The Georgia Commission on the Holocaust, in partnership with the Augusta-Richmond County Public Library, is bringing the traveling exhibit “Witness to the Holocaust: WWII Veteran William Alexander Scott III at Buchenwald” to Augusta.
The exhibit will be on display at the library’s Main/Headquarters Branch on Telfair Street in downtown Augusta from January 25 to February 7. The exhibit is free and open to the public and will be located on the first floor of the library.
The “Witness to the Holocaust” exhibit is a photographic essay compiled by William Alexander “W.A.” Scott III. Scott was the son of the founder of the first black-owned daily newspaper in the United States — The Atlanta Daily World. Scott grew up in Atlanta, attended Morehouse College and later because the editor of the newspaper. He was also a civil rights activist, WWII photojournalist and a witness to the liberation of the Buchenwald concentration camp.
The exhibit also includes panels drawing parallel between the Jim Crow Laws and the 1880s-1960s implemented in the United States and the Nuremberg Race Laws of 1935-1945 implemented in Germany and Nazi-controlled areas of Europe.
“We are always looking for exhibits that will bring people in to educate and inform the community,” said Aspasia Luster, a library assistant at the Augusta-Richmond County Public Library. “We also wanted to contact the local Jewish community to see if they would be interested in doing a tie-in program about the holocaust, so I emailed the Augusta Jewish Community Center and have been in contact with Marc Gottlieb, who is the chairman of Augusta Holocaust Remembrance Committee.”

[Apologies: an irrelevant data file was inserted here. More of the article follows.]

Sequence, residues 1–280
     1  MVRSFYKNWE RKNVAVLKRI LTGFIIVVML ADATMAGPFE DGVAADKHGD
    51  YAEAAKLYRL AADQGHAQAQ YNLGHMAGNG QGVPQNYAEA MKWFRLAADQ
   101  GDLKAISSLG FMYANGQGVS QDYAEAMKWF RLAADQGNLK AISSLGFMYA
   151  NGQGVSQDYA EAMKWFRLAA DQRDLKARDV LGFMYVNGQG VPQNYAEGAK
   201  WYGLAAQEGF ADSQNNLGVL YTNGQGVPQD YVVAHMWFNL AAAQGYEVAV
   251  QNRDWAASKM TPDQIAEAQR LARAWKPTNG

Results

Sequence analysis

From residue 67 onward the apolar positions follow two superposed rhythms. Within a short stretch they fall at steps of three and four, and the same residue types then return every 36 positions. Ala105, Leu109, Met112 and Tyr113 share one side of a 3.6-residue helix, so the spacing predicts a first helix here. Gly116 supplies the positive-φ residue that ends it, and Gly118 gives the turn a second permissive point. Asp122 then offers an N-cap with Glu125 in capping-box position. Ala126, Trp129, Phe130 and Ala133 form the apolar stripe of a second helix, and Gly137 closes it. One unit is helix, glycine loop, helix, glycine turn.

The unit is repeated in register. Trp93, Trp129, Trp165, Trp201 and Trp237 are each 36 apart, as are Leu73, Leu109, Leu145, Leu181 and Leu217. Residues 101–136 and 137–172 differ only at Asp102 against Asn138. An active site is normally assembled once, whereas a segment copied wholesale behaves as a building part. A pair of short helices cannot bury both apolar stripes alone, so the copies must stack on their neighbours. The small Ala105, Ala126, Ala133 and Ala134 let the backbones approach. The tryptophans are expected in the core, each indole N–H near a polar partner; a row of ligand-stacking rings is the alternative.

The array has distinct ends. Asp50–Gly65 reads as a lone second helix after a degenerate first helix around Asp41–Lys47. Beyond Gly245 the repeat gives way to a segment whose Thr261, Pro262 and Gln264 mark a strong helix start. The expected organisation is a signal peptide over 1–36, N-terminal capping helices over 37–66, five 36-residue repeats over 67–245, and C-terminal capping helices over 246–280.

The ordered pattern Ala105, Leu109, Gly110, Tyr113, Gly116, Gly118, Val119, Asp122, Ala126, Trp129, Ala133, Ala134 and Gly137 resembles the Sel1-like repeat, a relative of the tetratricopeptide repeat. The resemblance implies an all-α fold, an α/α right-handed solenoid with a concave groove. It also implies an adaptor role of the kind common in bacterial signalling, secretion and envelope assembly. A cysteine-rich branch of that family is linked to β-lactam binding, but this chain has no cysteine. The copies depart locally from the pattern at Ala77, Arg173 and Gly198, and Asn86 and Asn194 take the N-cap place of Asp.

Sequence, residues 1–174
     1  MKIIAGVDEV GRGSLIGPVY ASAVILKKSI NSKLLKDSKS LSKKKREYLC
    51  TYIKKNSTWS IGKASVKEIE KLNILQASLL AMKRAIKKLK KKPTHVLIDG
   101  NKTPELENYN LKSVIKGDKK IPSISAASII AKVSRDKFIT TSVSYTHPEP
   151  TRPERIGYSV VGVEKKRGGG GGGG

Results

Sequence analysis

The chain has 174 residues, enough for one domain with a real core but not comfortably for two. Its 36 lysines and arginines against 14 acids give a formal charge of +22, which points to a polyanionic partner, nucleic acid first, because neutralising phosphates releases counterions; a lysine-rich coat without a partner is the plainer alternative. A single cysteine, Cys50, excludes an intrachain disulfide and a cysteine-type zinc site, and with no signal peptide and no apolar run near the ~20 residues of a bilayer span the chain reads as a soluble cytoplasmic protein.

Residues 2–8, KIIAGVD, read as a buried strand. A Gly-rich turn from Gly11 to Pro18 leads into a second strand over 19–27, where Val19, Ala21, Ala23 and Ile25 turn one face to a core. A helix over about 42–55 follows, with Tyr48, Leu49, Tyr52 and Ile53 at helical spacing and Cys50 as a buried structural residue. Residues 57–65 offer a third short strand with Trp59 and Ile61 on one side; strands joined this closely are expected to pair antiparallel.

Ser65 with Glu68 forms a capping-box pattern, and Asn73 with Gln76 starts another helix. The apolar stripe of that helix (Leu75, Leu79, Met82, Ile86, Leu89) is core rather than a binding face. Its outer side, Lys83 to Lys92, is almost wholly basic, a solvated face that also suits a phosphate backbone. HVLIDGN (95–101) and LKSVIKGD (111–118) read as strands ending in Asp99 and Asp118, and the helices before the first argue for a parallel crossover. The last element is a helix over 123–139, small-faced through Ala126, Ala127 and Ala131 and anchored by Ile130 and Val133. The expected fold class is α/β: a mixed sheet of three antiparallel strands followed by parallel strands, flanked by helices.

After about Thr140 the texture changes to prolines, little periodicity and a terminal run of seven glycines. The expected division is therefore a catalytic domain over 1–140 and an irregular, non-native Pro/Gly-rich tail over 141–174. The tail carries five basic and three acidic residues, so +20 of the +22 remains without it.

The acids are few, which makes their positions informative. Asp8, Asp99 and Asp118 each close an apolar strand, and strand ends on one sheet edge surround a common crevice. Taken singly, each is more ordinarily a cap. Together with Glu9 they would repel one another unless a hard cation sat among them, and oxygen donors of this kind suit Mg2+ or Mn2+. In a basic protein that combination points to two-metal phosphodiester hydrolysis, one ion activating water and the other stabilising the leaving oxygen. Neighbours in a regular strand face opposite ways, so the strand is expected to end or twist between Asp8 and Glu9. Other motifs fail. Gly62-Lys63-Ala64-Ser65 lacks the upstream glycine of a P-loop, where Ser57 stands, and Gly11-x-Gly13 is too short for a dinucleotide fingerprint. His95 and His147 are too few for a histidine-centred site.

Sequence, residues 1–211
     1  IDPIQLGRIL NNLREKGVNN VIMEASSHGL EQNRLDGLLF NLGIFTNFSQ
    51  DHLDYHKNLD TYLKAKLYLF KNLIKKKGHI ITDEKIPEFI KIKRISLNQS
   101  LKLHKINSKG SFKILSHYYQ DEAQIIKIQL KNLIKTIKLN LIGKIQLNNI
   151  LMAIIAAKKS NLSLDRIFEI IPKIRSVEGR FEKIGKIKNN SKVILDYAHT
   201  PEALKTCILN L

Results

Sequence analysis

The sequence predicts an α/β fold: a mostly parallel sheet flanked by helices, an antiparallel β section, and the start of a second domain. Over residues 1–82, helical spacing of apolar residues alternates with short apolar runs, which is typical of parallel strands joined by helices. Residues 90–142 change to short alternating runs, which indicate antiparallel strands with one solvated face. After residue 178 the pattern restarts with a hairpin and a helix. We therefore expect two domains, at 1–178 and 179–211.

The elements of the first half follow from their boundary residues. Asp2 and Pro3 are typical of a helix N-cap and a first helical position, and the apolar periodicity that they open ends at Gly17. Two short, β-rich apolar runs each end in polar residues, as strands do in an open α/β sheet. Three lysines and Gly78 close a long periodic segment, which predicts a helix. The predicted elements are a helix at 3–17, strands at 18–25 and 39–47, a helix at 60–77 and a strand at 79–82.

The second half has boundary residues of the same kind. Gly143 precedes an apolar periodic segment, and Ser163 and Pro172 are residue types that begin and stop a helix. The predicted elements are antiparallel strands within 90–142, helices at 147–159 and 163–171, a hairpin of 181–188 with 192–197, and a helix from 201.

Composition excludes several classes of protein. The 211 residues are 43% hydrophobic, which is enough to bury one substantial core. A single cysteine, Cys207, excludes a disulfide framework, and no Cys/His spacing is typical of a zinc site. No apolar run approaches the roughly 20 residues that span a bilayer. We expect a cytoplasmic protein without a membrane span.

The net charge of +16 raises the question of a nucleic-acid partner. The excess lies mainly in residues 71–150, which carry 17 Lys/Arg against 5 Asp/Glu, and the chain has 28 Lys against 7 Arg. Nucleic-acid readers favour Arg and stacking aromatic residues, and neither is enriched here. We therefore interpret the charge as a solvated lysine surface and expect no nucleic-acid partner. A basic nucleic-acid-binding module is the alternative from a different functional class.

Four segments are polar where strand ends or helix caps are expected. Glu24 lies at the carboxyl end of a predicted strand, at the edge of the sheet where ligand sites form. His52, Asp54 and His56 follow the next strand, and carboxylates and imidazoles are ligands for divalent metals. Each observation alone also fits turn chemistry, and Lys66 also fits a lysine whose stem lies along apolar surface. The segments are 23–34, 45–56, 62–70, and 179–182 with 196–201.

Gottlieb will be leading a program on February 6 at 6 p.m. that chronicles a trip he took in 1992 with students and chaperones to visit concentration camps in Poland, Luster said.
“I will be doing a presentation titled ‘It’s Not Easy Not to Hate,’” Gottlieb said. “Every two years a program called ‘March of the Living’ sends 5,000 high school students and college freshman to Poland and Israel, and I went as a chaperone. I took quite a few photos, and the presentation is based on those slides.”
Gottlieb said that he will be discussing the slides and how the trip affected him personally.
Gottlieb also expressed that, in this day and age, with everything going on in the world, we cannot have enough interfaith communication. We still have our own internal problems, he said, adding that 12 million people other than the military were killed in that war [WWII], and that some people still deny the holocaust happened.
“A lot of the people from the WWII generation who saw things like this in person are dying out,” explained Luster when asked about the significance of the exhibit. “People need to know that something of this magnitude that was so terrible, that it happened before everybody is gone. Also, it shows you the extent of what racism can do. It can brainwash a society into killing other human beings just because they’re different.”
Anyone will be able to view the exhibit during regular library hours.
“Witness to the Holocaust”
Augusta-Richmond County Public Library’s Headquarters Branch
January 25-February 7
Monday-Thursday, 9 a.m.-9 p.m.
Friday-Saturday, 9 a.m.-5:30 p.m.
Sunday, 2-5:30 p.m.